Island university, students both face financial hardships balancing books
It’s going to cost an extra $16 per course — or $160 more per full course load — at the University of Prince Edward Island when students register for the upcoming academic year.
The university’s board of governors announced Friday that tuition would increase by three per cent. The hike is the second in a row for the school, coming after a four per cent rise in tuition rates for this past year.
While seven per cent in two years does seem like a difficult financial burden to place on students, UPEI says its rates are still among the lowest in the region.
Prince Edward Island undergraduate students paid $5,360, excluding fees, for full-time university in 201/14. According to Statistics Canada, Nova Scotia undergraduates paid an average $6,185 for a full-time course load. New Brunswick undergraduates paid $6,133.
Nevertheless, it is always disheartening to see the price of higher education rise, making a degree ever more unattainable for certain segments of the population. It is getting more difficult with every passing year to get a job without a degree, and it is harder to get a degree if you don’t have a job to help pay for school.
The vicious cycle continues when students who land a job and a spot in their desired program have trouble juggling the demands of both.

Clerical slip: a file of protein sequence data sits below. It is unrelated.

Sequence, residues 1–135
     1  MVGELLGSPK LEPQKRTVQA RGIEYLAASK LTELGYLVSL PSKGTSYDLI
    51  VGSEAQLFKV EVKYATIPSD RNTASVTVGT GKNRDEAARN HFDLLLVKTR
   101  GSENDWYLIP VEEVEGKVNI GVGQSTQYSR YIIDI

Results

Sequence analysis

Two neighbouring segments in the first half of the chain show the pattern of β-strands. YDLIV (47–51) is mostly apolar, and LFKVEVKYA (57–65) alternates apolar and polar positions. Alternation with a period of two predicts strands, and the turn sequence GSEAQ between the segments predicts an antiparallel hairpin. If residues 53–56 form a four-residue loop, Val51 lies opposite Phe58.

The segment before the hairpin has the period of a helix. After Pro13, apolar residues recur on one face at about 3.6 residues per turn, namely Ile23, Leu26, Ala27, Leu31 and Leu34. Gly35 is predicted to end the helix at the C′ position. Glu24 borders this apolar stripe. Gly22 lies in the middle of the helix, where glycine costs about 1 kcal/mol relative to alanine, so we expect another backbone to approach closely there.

Another factor to take into consideration is that P.E.I. is consistently at the bottom of the ledger when it comes to the paycheques its professionals bring home, compared with their counterparts in other parts of the country.
The price of a degree continues to rise, but the salaries graduates can expect to earn should they land a job in their field in the Island’s high-unemployment reality, do not keep up.
The university, meanwhile, faces its own financial quandaries trying to offer courses that will be popular enough to balance its budget without losing its credibility as a degree-granting institution by turning itself into a money-making business and its professors into products.
Last year, UPEI faced criticism when the price of its balanced budget was faculty and staff members who were given pink slips or reduced hours.
None of that has been alluded to this year and it is hoped that the tuition increase, along with restructuring of some of its programs, will keep UPEI’s books in the black and its students getting their money’s worth out of their education.
Charlottetown school nets royal
The Duchess of Cornwall has been offered the coveted role in Immanuel Christian’s School’s upcoming production of a couple of scenes from Romeo and Juliet.
While it is not known at this time whether Camilla, wife of Prince Charles, will exclaim, “O Romeo, Romeo, wherefore art thou Romeo?” we do know the duchess will at least be in the audience during her visit to P.E.I. in a few weeks’ time.
Bethany Kipp’s students sent personal missives to the duchess as part of an English letter-writing class. Apparently Camilla read the letters, was impressed by the content and agreed to visit, to the delight of the combined Grade 6/7 class.
Charles and Camilla’s royal tour was announced earlier this year but the details of their itinerary were only made public Friday.
Immanuel Christian School students were surprised and elated that their request for an audience — or perhaps a cast member — was honoured. The students should be congratulated for shooting for the star.